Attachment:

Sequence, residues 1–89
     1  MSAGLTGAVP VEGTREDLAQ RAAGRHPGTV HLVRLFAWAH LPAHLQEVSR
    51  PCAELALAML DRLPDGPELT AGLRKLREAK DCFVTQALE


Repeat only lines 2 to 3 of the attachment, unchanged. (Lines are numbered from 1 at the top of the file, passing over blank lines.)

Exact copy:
     1  MSAGLTGAVP VEGTREDLAQ RAAGRHPGTV HLVRLFAWAH LPAHLQEVSR
    51  PCAELALAML DRLPDGPELT AGLRKLREAK DCFVTQALE